I have a confession to make. I own an assault weapon.
Don’t jump to conclusions. I’m not about to cover myself in ballistic armor and shoot up a packed theater. I don’t even shoot animals with it. (I’m a hopeless softie about any living thing – the kind of guy who traps house spiders and releases them outside – as my wife laughs at me.)
What I do with the gun is shoot pieces of paper. Why? Because I’ve done it since I was a kid and because it’s a relaxing refuge from a stressful world. The intense focus required drives all other cares out of your mind.
My carbine qualifies as an “assault weapon” in media usage because – as The Associated Press puts it – it is “similar in appearance to a fully automatic firearm or military weapon.” Mine looks like a shrunken version of an obsolete military rifle, the M-14.
It’s not the weapon that a gunman used to shoot up a theater in Aurora, Colo. But it is similar in that it shoots .223 caliber bullets, has a military provenance and is semi-automatic (i.e., it reloads itself). Neither gun sprays bullets as true military rifles do, but you can – as the Aurora gunman did – click a monster magazine into one of these weapons and pull the trigger a lot of times.
I bring up my rifle because of the misinformation about firearms that surfaces every time the subject of gun control comes up. I’m trying to clarify the conversation. Gun opponents often know little about firearms – understandable, as they tend not to own them – and often sound unintentionally ridiculous when they talk about them.
For starters, let’s talk destructive power.
In reality, the standard .223 “assault weapon” is not formidable compared to most hunting rifles. The bullet itself is imperceptibly wider than the .22 many of us used to plink at pop cans once upon a time, but it has far more propellant behind it, hence more velocity and kinetic energy.
The U.S. military adopted the .223 in the 1960s for various reasons. One was its lightness, as compared with the heavier rounds used in the 1940s and ’50s-vintage M-1 and M-14 rifles. Soldiers could carry more of them and were less likely to run out of ammunition in a tough spot.
One of the compromises was less lethality. Contrary to general impression, the standard bullets used in “assault weapons” are less likely to kill someone than, say, a deer-hunter’s 30.06. In some states – including Washington – it is illegal to hunt big game with .223 rifles because of the higher likelihood that animals will be left wounded and suffering. Wild animals can’t go to trauma centers.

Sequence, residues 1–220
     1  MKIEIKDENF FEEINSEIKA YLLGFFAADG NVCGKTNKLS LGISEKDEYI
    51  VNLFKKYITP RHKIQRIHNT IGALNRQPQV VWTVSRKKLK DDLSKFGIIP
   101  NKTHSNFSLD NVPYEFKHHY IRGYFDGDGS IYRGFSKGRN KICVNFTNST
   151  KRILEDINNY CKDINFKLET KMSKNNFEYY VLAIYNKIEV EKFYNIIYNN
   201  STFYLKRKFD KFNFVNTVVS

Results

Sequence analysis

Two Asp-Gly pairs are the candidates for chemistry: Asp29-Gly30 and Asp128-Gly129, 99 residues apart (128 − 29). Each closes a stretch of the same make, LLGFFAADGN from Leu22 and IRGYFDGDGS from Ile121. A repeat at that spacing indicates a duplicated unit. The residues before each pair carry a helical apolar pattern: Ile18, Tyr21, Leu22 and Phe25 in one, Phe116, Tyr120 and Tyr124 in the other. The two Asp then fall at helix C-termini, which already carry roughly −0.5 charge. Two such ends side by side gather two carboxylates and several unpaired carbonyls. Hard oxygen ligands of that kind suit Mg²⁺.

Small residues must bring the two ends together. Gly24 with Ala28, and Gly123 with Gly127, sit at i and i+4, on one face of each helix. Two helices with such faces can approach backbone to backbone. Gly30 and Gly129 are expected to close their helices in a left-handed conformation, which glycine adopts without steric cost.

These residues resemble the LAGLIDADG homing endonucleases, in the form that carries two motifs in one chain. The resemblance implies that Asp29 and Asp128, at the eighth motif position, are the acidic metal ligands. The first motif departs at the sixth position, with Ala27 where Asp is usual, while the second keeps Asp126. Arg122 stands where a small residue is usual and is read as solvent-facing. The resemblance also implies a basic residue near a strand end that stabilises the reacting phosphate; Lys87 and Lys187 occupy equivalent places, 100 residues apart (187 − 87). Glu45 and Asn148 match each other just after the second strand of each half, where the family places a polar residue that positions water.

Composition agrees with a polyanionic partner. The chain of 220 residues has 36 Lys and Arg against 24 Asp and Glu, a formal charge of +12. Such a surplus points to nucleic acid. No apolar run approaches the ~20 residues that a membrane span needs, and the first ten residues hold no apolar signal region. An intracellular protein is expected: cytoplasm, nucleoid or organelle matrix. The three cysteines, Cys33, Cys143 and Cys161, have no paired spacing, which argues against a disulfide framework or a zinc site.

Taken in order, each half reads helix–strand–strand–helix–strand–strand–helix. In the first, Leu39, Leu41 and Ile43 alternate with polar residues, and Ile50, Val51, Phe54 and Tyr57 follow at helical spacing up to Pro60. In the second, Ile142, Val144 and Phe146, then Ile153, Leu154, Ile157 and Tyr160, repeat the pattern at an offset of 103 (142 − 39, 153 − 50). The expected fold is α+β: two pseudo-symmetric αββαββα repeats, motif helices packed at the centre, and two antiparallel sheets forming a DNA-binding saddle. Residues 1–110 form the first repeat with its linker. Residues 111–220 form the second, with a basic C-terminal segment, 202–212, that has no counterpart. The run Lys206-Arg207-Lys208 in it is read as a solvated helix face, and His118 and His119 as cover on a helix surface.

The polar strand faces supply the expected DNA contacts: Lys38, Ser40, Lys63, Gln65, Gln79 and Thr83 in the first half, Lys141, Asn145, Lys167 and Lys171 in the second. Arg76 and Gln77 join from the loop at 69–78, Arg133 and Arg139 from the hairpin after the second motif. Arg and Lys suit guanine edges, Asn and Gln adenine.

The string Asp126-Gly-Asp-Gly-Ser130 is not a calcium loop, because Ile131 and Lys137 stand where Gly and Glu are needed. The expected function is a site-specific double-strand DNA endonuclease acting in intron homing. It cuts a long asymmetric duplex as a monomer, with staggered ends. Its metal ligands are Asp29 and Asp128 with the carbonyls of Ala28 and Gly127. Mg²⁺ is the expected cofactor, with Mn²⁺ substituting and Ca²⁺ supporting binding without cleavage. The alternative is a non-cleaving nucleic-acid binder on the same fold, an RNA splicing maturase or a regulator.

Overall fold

Another misconception is that people buy .223 rifles solely to kill people.
Not remotely true. A .223 is well-suited for target shooting because the bullet’s trajectory is flat and because its ammunition is relatively cheap. Big-gun ammunition can cost three times as much. And big guns tend to kick like horses, which isn’t a delight.
Also, people really do hunt with “assault weapons,” and not because they want to shred game animals into little bits (another bizarre claim). Because of their lower power, .223 rifles are considered small-game guns. Ranchers use them to shoot coyotes, for example.
Veterans tend to like these rifles because they trained on their military versions. Criminals tend not to like them; the statistics show that they much prefer handguns or shotguns.
As for enormous, 100-round magazines, I can’t fathom the appeal. Maybe they do hold an inordinate attraction for people with murderous fantasies. That’s an area for reasonable debate. Same goes for tighter restrictions on firearm possession by people with severe psychiatric disorders.
But we miss the target if we focus on the style of the rifle. If a weapon’s military appearance encouraged criminal intent, you’d expect Switzerland – where men of military age are required to keep fully automatic rifles in their homes – to be rife with murders. In fact, its murder rate is a small fraction of America’s.
The difference is the mentality behind the gun. At bottom, our real problem is our violence-prone culture. We’ve been settling scores with firearms for 400 years. It’s sick, and I’d love to see it change. I wish I could say I’m optimistic.Email Patrick O’Callahan at patrick.ocallahan@ thenewstribune.com.